Earlier this week (yesterday, to be exact), the Globe and Mail published a piece by columnist Ivor Tossell calling on Canadians to stop tweeting about what they eat. The essence of his argument is tweets about what you’re are eating are uninteresting. They’re noise.
Well, to be exact, Mr. Tossell begged of Canadians to stop posting pictures of the meals they were about to enjoy.
A lot has been written about the culture of Tweeting the mundane. Twitter updates like “Making toast”, “I forgot how much I like pickles” and “It’s 4pm and I’m only eating lunch now” reveal a lot about eating habits and nutritional awareness.
Basically, one journalist’s inconvenience is a treasure trove for nutritionists, dietitians and health care researchers.
People who share information about the food they eat and when they eat act as members of a voluntary, self-selected focus group offering priceless information. Just as the people who share invaluable information about cancer diagnoses and treatment results, computer problems and solutions, and transit delays and alternate routes, it’s not for you to decide the value of the information you share based on the feedback of a single person on behalf of the collective. Your overall audience will decide. And, for the most part, the people most taken by your content are probably unknown. If your comment can help or change the life of a single person… that’s a good thing.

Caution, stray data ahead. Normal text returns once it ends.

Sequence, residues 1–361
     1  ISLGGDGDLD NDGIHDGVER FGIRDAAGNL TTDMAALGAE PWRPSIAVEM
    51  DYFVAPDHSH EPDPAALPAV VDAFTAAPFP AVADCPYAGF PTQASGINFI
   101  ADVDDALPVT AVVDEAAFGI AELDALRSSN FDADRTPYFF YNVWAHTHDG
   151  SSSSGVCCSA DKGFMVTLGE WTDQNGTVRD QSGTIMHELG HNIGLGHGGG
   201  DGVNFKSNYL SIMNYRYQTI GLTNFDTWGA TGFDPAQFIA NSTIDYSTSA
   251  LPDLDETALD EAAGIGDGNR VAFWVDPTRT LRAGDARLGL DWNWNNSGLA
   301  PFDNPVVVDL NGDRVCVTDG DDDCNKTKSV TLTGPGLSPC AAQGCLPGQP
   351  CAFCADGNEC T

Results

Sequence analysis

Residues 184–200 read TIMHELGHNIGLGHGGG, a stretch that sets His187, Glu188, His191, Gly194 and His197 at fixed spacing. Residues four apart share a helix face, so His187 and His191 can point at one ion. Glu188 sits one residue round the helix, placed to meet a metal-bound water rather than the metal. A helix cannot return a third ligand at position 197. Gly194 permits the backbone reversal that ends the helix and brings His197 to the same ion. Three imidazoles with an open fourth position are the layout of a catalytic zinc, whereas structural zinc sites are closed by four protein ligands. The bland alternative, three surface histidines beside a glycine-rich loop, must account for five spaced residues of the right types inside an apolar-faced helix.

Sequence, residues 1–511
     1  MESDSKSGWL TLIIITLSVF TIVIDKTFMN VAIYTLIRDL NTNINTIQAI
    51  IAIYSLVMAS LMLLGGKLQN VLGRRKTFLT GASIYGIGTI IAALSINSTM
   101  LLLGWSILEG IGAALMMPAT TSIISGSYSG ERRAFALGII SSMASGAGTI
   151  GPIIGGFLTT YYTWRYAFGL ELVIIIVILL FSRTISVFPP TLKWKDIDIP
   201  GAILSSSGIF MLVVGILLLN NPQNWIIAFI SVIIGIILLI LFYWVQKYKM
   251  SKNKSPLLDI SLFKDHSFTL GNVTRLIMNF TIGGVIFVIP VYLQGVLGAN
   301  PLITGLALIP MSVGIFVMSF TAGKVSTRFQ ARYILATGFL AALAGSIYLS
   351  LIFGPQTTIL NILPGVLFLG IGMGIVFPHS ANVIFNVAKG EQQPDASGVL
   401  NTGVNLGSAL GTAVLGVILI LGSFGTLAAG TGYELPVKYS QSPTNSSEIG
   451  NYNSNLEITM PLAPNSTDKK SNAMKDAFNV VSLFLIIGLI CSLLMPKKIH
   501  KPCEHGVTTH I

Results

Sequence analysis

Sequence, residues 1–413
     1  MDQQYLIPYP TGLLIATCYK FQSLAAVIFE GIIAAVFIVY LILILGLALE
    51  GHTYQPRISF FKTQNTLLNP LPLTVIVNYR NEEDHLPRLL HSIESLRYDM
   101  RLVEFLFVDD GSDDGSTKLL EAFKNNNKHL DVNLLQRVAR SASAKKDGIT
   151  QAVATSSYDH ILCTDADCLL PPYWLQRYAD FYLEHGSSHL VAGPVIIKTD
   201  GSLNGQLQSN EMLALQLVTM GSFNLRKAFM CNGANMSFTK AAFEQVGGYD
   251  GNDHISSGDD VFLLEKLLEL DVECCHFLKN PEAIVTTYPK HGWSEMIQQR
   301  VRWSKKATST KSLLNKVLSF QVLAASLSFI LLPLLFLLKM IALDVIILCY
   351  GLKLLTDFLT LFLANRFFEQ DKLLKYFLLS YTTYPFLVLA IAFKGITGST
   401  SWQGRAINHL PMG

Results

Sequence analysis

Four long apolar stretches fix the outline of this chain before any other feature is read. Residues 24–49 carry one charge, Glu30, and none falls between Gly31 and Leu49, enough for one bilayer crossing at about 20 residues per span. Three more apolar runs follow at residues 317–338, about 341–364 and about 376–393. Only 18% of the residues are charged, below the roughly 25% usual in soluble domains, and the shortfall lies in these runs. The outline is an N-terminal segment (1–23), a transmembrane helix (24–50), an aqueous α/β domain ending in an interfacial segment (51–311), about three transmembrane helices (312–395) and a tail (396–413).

So, I say keep tweeting whatever strikes you in the moment. If someone is annoyed by your content, they can invoke their own filters — automated or manual. Don’t let one person force you to change your habits.
For more on the value of your online content, watch this video.